Serbia lags behind Central and Eastern Europe in development

In 2005, Serbia was 58% of the development of the countries of Central and Eastern Europe (CEE), and in 2022, this dropped to 56%, said the president of the Fiscal Council, Pavle Petrović, who is currently attending the Kopaonik Business Forum.

He also said that the economic growth of Serbia was far below its potential and that the CEE countries adopt new knowledge and technologies much faster than Serbia, which enables them to develop twice as quickly.

In those countries, according to him, the share of the most productive sectors, such as the manufacturing industry and IT services, is growing, whereas in Serbia, the fastest-growing companies in the 2020-2022 period came from traditional industries, commerce, construction, mining and similar industries, which comprise more than 75% of the economy.

Petrović went on to say that in Serbia, the IT sector is growing in a way that is similar to the CEE countries and added:”The share of the IT industry in the economy of all the CEE countries has increased four to five times in the past 20 years or so and Serbia is not an exception either. At the moment, the IT sector creates, on average between 3 and 4% of the total added value in those economies. The problem is that, in Serbia, the IT sector mostly works for export and foreign markets and not for the local economy.”

He added that Serbia had a high foreign direct investments (FDI) influx, but that FDIs were not made in so-called progressive sectors.

“For several years now, FDIs have comprised around 7% of the gross domestic product (GDP) in Serbia, of which a third, which is a solid share, goes to the manufacturing industry, which comprises 16% of Serbia’s economy. However, looking at investments within the manufacturing industry, only 30% end up in the progressive economic branches,” Petrović noted.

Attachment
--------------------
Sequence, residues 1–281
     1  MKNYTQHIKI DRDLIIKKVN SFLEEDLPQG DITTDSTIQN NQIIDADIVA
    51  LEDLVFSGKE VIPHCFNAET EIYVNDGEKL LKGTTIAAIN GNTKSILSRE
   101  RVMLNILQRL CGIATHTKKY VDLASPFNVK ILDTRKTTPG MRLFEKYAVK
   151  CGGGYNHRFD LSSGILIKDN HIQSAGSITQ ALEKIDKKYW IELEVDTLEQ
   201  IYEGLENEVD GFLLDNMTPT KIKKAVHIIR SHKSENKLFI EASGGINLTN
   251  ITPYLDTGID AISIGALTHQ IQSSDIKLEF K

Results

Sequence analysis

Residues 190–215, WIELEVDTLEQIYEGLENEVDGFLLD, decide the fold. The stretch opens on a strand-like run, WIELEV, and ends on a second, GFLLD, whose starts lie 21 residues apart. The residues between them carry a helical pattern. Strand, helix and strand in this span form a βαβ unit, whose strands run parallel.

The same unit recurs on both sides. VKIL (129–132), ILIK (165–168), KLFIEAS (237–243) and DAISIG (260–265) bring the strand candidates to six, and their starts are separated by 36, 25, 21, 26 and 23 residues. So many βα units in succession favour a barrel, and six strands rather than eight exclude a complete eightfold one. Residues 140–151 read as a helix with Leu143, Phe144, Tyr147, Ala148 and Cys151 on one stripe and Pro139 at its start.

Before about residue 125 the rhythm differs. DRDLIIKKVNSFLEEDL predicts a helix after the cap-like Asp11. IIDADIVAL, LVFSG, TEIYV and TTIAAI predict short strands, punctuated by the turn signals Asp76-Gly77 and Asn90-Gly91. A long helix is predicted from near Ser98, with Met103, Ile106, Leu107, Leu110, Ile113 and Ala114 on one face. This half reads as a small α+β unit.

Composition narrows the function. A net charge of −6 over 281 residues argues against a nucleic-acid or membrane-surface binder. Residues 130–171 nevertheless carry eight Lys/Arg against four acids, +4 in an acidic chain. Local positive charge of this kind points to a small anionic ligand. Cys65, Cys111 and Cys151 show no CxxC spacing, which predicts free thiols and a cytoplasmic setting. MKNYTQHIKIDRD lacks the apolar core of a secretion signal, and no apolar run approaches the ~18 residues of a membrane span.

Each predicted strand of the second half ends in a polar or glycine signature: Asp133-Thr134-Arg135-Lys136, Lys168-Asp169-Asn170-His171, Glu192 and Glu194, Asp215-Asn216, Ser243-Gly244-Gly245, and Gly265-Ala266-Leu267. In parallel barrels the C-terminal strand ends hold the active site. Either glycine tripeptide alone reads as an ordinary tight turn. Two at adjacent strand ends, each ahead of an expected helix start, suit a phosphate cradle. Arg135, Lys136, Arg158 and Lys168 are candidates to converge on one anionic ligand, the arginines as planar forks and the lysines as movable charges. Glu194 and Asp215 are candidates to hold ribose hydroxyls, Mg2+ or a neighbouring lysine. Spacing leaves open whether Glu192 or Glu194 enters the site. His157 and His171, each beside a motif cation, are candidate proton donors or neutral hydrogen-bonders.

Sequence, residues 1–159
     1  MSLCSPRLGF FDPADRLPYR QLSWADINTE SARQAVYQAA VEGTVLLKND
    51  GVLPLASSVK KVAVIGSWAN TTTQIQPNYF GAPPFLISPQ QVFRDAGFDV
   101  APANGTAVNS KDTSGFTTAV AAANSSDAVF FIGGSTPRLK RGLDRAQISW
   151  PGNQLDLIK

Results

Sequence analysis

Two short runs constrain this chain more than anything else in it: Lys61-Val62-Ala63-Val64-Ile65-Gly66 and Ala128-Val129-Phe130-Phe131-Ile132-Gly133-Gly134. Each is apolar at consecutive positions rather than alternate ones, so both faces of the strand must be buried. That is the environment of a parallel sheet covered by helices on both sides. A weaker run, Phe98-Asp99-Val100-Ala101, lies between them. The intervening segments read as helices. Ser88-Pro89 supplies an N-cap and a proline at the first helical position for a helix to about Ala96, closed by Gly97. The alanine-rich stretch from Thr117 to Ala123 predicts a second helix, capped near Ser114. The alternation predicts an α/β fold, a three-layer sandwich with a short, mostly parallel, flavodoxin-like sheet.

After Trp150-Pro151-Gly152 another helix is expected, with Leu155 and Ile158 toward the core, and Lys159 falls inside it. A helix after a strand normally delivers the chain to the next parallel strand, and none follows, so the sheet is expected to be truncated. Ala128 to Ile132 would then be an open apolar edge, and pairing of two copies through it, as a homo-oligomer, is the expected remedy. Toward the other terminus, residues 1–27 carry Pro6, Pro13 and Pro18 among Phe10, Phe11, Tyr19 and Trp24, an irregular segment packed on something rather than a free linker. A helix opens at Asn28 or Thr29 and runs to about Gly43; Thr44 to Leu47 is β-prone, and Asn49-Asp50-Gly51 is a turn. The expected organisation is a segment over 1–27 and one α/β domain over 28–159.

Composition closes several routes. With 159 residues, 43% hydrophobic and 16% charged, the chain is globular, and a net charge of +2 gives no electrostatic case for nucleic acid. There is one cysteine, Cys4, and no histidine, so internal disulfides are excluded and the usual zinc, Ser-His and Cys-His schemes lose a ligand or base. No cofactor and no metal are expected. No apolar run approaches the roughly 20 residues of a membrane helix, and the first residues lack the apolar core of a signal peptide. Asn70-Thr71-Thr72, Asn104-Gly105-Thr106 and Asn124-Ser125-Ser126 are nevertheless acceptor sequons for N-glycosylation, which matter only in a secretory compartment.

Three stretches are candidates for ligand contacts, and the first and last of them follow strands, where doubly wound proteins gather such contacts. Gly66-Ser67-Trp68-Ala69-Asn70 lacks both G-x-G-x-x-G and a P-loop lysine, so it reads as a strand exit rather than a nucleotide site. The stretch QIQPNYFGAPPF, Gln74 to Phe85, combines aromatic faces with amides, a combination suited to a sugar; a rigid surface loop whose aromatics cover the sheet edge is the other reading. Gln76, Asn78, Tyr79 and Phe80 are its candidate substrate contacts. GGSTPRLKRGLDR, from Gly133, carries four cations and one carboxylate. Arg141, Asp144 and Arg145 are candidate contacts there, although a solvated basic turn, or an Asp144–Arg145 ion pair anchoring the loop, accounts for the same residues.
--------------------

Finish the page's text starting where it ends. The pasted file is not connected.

In the countries that make the Visegrad Group and Slovenia, as he said, over 50% of the FDIs are directed at progressive branches.

In SerbiaFDIs have contributed to the creation of new jobs, but mostly for the less qualified workforce, which is why the unemployment rate has dropped. However, FDIs haven’t led to an accelerated growth of productivity, as they have in the CEE countries.

Local private investments, as he said, are too low to change the growth model in Serbia. The total investments in Serbia have, as he said, grown strongly in the past years. In 2014, they were the lowest in CEE (15.9% of the GDP), but in 2022, they reached 24.2% of the GDP, which is slightly above the CEE average.

“Public investments in Serbia grew from 2.3% of the GDP in 2014 to 7.4% of the GDP in 2022. FDIs jumped from 3.5% of the GDP to 7.2% of the GDP, but they are not directed at progressive sectors. Local private investments have remained very low, far lower than in the CEE countries,” pointed out Petrović.

(eKapija, 05.03.2024)

This post is also available in: Italiano

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